There has been plenty of political chatter this year about independent candidates for mayor in the Nov. 3 general election.
Will former Republican candidate Sam Katz take another shot? He won't.
Will former Democratic City Councilman Bill Green get into the race? He's still considering it.
Independent candidates also are sizing up two of five City Council at-large seats that are set aside in city charter for the "minority" political party.
Those seats have been held for decades by Republicans. GOP first-termers David Oh and Dennis O'Brien hope to win them again in November.
Andrew Stober and Kristin Combs also want those set-aside seats.
Stober, 36, who left Mayor Nutter's administration last month, is running as an independent.
Combs, 28, teaches science at Penn Treaty School and is running as a Green Party candidate.
They could have a shot.
Oh and O'Brien have the power of incumbency but are not particularly well-regarded by their own party's ward leaders. The Republican City Committee endorsed none of the seven men who ran for Council at-large in the primary.
An independent needs only to best one of the Republicans in the general election to win.
There are now 987,690 registered voters in Philadelphia - 79 percent are Democrats, 11 percent are Republicans, and 10 percent are independents or belong to smaller political parties.
So there are nearly as many independent voters in the city as there are registered Republicans.
Still, those independent voters are not one big block of like-minded folk. So don't assume that they will band together. Some of the smaller parties have wildly divergent thoughts on how to govern a city.
Oh says independent candidates must realize that many independent voters support Democrats and Republicans.
"Just because they're an independent, that doesn't mean they're getting all the independent votes," Oh said.
Five Republicans advanced in the primary, bidding for the two set-aside at-large Council seats.
Oh ran for Council three times before winning in 2011. O'Brien served in the state House for 35 years.
They were the top two vote-getters in the 2011 Republican primary and in the general election.
But consider the gap between the number of votes received in the 2011 general election by the fifth and final Democratic winner for an at-large seat - Councilman William K. Greenlee took 110,544 votes.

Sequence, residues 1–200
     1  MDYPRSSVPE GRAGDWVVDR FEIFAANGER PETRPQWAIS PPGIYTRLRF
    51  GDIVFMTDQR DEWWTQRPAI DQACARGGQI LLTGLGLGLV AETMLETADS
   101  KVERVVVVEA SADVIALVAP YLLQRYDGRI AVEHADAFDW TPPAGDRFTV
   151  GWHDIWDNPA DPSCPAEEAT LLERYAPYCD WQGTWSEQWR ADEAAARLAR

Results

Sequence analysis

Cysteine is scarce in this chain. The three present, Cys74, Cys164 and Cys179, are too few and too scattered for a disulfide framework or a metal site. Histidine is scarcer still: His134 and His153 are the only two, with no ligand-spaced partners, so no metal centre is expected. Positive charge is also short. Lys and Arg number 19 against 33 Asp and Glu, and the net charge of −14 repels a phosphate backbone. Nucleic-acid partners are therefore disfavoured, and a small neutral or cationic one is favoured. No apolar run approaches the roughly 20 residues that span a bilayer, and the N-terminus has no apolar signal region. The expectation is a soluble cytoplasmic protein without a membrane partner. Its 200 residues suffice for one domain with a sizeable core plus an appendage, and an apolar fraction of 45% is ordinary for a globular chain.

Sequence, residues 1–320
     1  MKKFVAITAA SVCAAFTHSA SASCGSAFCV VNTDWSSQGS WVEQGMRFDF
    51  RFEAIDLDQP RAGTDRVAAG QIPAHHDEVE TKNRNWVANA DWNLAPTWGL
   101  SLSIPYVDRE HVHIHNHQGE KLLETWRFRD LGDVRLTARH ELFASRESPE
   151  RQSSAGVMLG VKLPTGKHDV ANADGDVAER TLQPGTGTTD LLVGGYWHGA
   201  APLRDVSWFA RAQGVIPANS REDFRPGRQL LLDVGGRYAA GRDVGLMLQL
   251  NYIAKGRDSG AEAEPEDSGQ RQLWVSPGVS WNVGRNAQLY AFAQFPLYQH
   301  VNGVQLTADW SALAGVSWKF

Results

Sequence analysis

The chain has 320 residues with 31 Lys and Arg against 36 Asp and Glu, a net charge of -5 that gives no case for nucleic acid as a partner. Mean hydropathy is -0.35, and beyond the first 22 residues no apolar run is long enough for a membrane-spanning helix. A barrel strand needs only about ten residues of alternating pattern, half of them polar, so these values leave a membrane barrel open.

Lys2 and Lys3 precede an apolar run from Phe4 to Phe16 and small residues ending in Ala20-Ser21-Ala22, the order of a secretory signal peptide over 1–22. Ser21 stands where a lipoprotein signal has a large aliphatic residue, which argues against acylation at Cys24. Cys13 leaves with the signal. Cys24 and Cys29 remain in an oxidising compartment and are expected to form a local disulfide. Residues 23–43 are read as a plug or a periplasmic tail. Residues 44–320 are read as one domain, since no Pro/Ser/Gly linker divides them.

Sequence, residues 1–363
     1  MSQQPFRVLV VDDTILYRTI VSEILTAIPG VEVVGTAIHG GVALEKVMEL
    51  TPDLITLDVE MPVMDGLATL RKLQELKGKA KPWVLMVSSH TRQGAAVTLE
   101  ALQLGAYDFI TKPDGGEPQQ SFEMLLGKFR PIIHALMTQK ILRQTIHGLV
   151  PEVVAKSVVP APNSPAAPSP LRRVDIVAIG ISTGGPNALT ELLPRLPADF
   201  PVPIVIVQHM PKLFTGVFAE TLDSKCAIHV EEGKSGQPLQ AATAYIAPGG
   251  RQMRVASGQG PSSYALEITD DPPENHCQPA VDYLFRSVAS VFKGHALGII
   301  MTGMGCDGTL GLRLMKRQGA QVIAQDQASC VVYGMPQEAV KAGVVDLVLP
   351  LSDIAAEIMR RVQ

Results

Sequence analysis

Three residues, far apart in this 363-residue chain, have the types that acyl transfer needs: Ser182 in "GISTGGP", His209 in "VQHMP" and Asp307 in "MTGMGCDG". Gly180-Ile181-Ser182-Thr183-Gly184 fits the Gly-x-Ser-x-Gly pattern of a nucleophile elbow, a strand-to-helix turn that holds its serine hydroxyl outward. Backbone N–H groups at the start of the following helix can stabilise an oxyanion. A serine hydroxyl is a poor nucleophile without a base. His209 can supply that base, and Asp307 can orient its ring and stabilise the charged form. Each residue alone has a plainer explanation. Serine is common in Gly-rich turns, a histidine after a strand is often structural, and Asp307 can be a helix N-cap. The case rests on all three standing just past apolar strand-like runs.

O'Brien, the top Republican, got 48,675 votes.
The span between Greenlee and O'Brien - 61,869 votes - showed the Republican trailing in votes by a ratio that was greater than 2-1.
An independent must see a window of opportunity in that math, a gap between the bottom Democrat and top Republican.
Stober, who as chief of staff in the Mayor's Office of Transportation and Utilities helped launch the Indego bike-share program, says he hopes not to just win but also to "change the dynamics of City Council at-large elections in Philadelphia and bring new people into the process who haven't been engaged before."
Translation: Who says Republicans should automatically get the set-aside seats when there are so many people in the city eager to enter politics but maybe not so eager to slog through the Democratic Party's process?
PA Working Families, a group that advocates for better wages and more jobs, wanted to do just that this year but found the process more complicated than expected.
To run as an independent, a candidate must be registered that way at least 30 days before the primary election.
Kati Sipp, the group's director, said the focus now is on the 2019 election.
"We're in the process right now to start a candidate recruitment program to have that conversation earlier," Sipp said.